S’bu Mpisane to be investigated


Forensic report calls for probe of couple’s eThekwini contracts
Mar 20, 2011 12:00 AM | By BONGANI MTHETHWA

A forensic report into alleged financial irregularities and tender fraud has called for the eThekwini municipality to investigate contracts awarded to Sibusiso Mpisane and his wife, Shawn.

The socialite couple’s Zikhulise Cleaning, Maintenance and Transport has been awarded more than R200-million in municipal and provincial government tenders since 2007.

Last year, the company was accused by the National Home Builders’ Registration Council and provincial government of building poor-quality homes in Umlazi, Durban.

The tender was awarded by the municipality. The couple claimed there was “an agenda to vilify us as a company and a family at all costs, at every turn”.

The forensic report, compiled by auditors Ngubane & Company, recommended that an investigation be launched into the awarding of tenders to the Mpisanes’ company and 34 other contractors.

The report, which has been closely guarded by the municipality, investigated R3.5-billion worth of contracts awarded by the municipality over 10 years.

It recommended that disciplinary and criminal charges be brought against municipal manager Mike Sutcliffe, his deputy in charge of procurement, Derek Naidoo, housing chief Coughlan Pather and procurement chief Themba Shezi.

Provincial co-operative governance MEC Nomusa Dube this week announced that the auditing firm Manase & Associates had been appointed to investigate allegations of fraud, corruption and maladministration in the municipality. Irregularities in the awarding of tenders are central to the investigation.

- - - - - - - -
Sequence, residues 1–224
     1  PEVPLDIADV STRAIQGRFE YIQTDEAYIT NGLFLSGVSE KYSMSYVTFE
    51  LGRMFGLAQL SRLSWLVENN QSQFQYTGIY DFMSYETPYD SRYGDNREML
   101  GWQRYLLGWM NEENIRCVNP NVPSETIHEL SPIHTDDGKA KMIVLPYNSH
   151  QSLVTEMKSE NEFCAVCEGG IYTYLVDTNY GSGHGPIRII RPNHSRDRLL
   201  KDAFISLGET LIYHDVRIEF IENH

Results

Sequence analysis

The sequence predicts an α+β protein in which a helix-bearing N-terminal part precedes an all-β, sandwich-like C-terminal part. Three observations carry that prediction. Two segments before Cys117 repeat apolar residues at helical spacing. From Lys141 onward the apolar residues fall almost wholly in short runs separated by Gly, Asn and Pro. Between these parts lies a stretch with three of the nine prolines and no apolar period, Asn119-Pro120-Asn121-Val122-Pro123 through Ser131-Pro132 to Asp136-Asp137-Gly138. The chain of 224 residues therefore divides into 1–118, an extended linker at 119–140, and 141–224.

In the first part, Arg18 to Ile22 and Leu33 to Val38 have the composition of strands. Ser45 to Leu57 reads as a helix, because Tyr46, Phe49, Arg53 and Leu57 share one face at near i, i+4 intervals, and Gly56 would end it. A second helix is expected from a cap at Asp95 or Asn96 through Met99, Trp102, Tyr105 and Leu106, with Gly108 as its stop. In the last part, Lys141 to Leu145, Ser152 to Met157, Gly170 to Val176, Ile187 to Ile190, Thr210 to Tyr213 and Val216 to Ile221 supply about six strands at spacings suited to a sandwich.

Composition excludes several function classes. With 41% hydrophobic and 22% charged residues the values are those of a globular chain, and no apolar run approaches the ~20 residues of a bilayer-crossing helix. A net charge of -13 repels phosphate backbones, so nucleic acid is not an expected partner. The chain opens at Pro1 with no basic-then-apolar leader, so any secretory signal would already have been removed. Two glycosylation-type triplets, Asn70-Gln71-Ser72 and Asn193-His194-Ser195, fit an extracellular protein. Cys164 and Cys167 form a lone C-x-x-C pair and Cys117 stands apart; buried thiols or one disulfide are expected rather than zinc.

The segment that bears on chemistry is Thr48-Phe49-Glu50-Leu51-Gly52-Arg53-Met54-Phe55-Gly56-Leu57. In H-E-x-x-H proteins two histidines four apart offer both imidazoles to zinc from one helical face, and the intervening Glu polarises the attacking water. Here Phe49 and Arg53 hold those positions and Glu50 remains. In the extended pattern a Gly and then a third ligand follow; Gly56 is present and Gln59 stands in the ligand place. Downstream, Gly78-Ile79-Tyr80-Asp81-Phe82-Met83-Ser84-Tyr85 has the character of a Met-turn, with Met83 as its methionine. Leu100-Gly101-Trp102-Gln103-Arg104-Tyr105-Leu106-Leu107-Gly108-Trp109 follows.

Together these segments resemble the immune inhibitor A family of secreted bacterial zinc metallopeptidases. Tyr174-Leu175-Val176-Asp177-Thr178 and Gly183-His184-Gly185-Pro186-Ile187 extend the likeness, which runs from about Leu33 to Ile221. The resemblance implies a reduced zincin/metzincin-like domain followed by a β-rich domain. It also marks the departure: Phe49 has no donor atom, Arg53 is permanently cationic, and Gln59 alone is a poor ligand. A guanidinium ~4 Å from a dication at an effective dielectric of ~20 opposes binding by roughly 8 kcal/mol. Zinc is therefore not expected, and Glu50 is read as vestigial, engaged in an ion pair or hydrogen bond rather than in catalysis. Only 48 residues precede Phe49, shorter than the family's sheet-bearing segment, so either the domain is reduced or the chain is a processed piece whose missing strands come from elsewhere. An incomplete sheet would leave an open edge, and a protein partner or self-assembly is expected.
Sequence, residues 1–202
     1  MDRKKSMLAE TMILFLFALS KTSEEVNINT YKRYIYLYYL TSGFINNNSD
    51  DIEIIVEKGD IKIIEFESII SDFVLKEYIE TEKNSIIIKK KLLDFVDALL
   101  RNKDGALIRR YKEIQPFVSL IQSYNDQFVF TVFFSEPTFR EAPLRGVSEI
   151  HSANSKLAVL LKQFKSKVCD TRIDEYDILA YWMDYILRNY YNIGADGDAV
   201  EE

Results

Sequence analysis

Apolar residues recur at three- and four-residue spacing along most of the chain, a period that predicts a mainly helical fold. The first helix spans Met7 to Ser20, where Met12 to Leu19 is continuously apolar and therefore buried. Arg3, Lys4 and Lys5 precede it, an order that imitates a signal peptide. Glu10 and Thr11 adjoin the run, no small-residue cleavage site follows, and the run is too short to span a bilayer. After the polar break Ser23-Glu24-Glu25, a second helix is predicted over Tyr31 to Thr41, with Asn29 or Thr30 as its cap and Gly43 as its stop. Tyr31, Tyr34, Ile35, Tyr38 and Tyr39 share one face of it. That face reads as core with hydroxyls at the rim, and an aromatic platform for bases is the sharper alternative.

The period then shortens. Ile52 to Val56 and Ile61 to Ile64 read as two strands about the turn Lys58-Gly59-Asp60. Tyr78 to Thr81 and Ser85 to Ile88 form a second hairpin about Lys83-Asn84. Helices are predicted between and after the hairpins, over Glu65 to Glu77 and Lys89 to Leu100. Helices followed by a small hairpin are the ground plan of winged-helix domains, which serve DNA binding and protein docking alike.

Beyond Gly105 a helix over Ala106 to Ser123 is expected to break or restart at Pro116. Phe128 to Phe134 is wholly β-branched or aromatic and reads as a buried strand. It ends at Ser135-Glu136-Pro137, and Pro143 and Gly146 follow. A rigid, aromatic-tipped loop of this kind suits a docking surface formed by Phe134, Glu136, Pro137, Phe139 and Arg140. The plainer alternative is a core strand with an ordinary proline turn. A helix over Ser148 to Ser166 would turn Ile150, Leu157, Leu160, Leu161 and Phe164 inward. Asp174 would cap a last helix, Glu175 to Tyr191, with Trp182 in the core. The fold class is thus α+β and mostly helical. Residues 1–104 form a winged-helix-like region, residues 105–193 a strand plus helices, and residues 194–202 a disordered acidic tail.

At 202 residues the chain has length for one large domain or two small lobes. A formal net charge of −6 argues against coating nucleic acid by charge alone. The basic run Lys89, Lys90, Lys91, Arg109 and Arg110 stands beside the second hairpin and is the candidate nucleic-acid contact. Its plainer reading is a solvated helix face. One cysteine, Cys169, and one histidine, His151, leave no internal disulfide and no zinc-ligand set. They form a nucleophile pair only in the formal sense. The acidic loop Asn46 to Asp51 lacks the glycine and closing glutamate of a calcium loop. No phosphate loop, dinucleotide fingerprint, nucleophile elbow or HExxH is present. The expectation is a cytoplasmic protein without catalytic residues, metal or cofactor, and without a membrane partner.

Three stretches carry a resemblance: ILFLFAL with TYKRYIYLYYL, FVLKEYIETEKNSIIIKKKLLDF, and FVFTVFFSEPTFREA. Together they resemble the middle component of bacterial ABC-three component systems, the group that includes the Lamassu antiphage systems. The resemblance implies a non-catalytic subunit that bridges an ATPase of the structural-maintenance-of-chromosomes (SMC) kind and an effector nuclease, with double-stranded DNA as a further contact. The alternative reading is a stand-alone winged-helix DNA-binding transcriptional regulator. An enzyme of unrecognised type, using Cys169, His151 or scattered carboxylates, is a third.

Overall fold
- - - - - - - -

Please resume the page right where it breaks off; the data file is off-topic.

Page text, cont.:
Also this week, the head of the Special Investigating Unit (SIU), Willie Hofmeyr, made a presentation to the municipality’s executive committee, offering the unit’s services to investigate fraud and corruption.

The unit is already investigating housing tender irregularities.

Earlier this month, the SIU launched a probe into a R37-million housing project in Lamontville, Durban.

On Friday, spokesman Marika Miller said that KwaZulu-Natal’s human settlements MEC, Maggie Govender, had asked the unit to investigate the project.

“The SIU has been asked to look into payments from the provincial department to the municipality,” said Miller.

Although the project was started in July 2007, the SIU found that, by September last year, only 470 of 920 units had been completed – this while the project had officially been signed off as completed.

Ethekwini municipal spokesman Thabo Mofokeng declined to comment.

Opposition parties have welcomed the probes.